Growing in Christ While Helping Others Participant's Guide 4: A Recovery Program Based on Eight Principles from the Beatitudes

Overview

A Program for Implementing a Christ-Centered Recovery Ministry in Your Church Alcoholism - Divorce - Sexual Abuse - Codependency - Domestic Violence - Drug Addiction - Sexual Addiction - Food Addiction - Gambling Addiction and many more! There is a way the church can help the hurting move beyond their wounds to experience the healing and forgiveness of Christ. Since 1991, more than 200,000 people have participated in the Celebrate Recovery programs offered at more than 3,500 churches, prisons, and rescue ...
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Overview

A Program for Implementing a Christ-Centered Recovery Ministry in Your Church Alcoholism - Divorce - Sexual Abuse - Codependency - Domestic Violence - Drug Addiction - Sexual Addiction - Food Addiction - Gambling Addiction and many more! There is a way the church can help the hurting move beyond their wounds to experience the healing and forgiveness of Christ. Since 1991, more than 200,000 people have participated in the Celebrate Recovery programs offered at more than 3,500 churches, prisons, and rescue missions. Drawn from the Beatitudes, Celebrate Recovery helps people resolve painful problems in the context of the church as a whole. Newly updated, the kit includes: *1 20-minute DVD introductory guide for leaders *1 leader’s guide *1 of each participant’s guide (4 total) *CD-ROM with 25 lessons *CD-ROM with sermon transcripts and reproducible promotional materials *4-volume audio CD sermon series “And then there’s pastor John Baker, the founder of Celebrate Recovery… Big John and I shared something in common. We used to drink too much. And our hearts changed, and then we quit. That is a tried-and-true formula. The problem is government is not good at changing hearts. But people like John Baker have been good about it and successful doing that.” ---President George W. Bush on Celebrate Recovery and its founder, John Baker, at the Faith- Based and Community Initiatives Conference, March 3, 2004.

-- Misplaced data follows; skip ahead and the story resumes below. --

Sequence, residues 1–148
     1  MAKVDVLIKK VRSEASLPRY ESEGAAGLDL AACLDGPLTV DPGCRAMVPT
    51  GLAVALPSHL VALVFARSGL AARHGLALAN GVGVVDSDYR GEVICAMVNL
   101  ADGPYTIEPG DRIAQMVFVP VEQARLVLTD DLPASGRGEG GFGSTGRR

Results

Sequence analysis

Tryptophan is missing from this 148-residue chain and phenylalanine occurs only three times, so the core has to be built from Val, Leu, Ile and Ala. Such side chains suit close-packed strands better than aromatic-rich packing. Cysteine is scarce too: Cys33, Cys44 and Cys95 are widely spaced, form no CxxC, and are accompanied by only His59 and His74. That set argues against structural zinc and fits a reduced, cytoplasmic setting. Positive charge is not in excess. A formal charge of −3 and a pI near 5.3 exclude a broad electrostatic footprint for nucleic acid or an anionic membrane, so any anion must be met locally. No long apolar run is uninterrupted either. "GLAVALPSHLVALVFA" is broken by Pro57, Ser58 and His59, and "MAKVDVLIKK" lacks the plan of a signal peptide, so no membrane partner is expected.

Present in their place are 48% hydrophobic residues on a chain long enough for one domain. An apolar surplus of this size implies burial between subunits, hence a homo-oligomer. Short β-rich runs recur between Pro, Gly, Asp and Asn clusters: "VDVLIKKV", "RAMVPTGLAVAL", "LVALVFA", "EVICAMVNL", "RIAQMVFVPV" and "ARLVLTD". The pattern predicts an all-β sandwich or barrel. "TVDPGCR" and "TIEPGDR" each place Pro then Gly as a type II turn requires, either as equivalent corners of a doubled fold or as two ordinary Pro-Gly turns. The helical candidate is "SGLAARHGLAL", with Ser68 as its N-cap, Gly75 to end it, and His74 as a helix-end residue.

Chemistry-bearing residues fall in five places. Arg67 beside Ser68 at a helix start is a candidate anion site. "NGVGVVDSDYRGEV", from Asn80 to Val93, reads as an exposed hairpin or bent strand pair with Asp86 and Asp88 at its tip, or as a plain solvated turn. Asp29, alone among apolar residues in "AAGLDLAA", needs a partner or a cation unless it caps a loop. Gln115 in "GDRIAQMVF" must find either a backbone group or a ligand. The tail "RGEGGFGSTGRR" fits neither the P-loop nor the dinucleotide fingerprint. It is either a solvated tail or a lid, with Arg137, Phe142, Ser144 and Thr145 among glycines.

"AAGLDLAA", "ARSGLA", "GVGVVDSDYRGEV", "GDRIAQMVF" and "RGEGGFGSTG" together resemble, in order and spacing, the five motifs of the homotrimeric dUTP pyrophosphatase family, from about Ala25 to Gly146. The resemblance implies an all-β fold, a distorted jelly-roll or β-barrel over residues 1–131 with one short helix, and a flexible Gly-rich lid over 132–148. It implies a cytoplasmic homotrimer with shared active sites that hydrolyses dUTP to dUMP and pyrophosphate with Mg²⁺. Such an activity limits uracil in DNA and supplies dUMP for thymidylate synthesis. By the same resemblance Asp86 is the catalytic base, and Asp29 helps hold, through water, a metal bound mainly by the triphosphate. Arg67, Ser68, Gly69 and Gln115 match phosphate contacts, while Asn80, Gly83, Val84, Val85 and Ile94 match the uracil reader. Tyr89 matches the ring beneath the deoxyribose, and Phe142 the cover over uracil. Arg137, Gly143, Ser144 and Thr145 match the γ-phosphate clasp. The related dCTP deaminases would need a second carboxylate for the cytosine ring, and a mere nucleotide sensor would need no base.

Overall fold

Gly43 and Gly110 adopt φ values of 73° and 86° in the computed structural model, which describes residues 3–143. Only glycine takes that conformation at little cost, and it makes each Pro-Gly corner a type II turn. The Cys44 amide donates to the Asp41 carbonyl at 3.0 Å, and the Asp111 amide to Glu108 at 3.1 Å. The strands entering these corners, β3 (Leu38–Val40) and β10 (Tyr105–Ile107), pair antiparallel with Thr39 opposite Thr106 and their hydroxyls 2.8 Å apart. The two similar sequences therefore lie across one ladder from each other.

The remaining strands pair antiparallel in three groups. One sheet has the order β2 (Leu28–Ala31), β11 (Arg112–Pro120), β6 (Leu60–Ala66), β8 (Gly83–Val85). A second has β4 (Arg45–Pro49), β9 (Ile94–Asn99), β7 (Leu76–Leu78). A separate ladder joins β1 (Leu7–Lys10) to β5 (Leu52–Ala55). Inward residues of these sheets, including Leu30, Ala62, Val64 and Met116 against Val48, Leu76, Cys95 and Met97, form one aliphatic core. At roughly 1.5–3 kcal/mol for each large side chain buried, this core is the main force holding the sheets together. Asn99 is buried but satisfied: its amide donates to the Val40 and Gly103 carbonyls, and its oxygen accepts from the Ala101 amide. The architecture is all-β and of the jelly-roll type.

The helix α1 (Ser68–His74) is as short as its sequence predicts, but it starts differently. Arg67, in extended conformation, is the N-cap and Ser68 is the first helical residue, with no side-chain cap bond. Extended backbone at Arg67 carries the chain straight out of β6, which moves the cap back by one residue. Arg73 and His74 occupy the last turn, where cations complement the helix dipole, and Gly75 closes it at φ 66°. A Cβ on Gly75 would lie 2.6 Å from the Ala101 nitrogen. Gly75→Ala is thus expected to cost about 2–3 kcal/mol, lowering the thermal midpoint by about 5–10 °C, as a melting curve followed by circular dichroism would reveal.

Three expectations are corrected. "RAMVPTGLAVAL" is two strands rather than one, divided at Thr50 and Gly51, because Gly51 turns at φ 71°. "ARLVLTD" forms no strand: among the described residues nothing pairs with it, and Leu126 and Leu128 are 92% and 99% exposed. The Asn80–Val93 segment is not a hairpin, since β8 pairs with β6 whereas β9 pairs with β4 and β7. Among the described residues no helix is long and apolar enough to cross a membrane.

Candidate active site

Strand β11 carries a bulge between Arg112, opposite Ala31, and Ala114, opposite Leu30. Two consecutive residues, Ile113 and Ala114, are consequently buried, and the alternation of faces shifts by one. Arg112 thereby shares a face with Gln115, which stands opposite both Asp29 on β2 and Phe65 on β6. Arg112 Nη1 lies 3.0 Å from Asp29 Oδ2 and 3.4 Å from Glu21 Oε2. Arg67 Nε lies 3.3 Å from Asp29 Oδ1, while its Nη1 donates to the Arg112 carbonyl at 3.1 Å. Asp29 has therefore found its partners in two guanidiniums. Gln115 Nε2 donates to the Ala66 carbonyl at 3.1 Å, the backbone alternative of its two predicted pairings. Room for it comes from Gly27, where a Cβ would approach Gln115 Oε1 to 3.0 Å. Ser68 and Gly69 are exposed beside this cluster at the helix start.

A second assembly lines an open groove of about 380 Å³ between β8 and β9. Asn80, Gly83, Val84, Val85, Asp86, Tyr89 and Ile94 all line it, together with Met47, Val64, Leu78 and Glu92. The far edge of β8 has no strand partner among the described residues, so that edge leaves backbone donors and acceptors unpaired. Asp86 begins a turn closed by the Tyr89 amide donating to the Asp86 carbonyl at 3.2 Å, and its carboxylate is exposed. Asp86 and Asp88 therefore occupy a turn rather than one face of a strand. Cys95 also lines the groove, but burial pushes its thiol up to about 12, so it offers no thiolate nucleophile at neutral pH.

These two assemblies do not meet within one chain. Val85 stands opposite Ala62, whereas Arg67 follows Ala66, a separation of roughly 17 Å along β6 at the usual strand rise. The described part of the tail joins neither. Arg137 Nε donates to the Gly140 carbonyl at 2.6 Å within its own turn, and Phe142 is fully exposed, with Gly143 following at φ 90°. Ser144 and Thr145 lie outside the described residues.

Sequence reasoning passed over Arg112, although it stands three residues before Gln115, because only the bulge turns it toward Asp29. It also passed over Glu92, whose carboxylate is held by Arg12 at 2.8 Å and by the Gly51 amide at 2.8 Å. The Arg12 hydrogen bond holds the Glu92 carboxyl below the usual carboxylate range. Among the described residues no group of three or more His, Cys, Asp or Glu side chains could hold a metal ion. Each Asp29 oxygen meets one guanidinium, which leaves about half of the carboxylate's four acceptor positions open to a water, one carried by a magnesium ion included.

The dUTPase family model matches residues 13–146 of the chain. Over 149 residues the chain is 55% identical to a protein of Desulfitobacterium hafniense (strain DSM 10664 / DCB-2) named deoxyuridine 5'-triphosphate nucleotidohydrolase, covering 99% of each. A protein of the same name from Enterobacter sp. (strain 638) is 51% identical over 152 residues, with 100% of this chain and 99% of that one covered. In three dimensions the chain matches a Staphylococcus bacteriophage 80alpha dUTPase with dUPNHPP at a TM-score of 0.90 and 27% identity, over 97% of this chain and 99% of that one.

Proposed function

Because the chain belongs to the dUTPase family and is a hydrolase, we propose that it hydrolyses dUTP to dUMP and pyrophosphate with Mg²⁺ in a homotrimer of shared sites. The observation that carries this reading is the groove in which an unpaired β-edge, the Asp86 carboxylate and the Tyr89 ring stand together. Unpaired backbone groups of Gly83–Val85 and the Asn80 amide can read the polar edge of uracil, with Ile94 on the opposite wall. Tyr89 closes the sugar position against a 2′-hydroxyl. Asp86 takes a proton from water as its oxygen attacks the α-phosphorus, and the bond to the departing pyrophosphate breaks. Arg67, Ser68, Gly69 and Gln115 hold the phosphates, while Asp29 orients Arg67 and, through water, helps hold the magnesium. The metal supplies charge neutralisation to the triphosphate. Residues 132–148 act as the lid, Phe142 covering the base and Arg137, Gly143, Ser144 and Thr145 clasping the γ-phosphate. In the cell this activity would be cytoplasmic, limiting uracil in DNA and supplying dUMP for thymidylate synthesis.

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Product Details

  • ISBN-13: 9780310689645
  • Publisher: Zondervan
  • Publication date: 8/28/2012
  • Series: Celebrate Recovery Series
  • Edition description: Revised
  • Pages: 64
  • Sales rank: 623,563
  • Product dimensions: 6.00 (w) x 9.00 (h) x 0.20 (d)

Meet the Author

John Baker developed the Celebrate Recovery ministry at Saddleback Church in 1991. He is currently serving there as pastor of Celebrate Recovery and is one of the church’s five elders.
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Read an Excerpt

Growing in Christ While Helping Others


By John Baker

Zondervan

Copyright © 2012 John Baker
All right reserved.

ISBN: 978-0-310-68964-5


Chapter One

The Road to Recovery

Eight Principles Based on the Beatitudes

By Pastor Rick Warren

1. Realize I'm not God. I admit that I am powerless to control my tendency to do the wrong thing and that my life is unmanageable.

"Happy are those who know they are spiritually poor." (Matthew 5:3)

2. Earnestly believe that God exists, that I matter to Him, and that He has the power to help me recover.

"Happy are those who mourn, for they shall be comforted." (Matthew 5:4)

3. BLDBLDonsciously choose to commit all my life and will to Christ's care and control.

"Happy are the meek." (Matthew 5:5)

4. Openly examine and confess my faults to myself, to God, and to someone I trust.

"Happy are the pure in heart." (Matthew 5:8)

5. Voluntarily submit to every change God wants to make in my life and humbly ask Him to remove my character defects.

"Happy are those whose greatest desire is to do what God requires." (Matthew 5:6)

6. Evaluate all my relationships. Offer forgiveness to those who have hurt me and make amends for harm I've done to others, except when to do so would harm them or others.

"Happy are the merciful." (Matthew 5:7) "Happy are the peacemakers." (Matthew 5:9)

7. Reserve a daily time with God for self-examination, Bible reading, and prayer in order to know God and His will for my life and to gain the power to follow His will.

8. Yield myself to God to be used to bring this Good News to others, both by my example and by my words.

"Happy are those who are persecuted because they do what God requires." (Matthew 5:10)

Twelve Steps and Their Biblical Comparisons

1. We admitted we were powerless over our addictions and compulsive behaviors, that our lives had become unmanageable.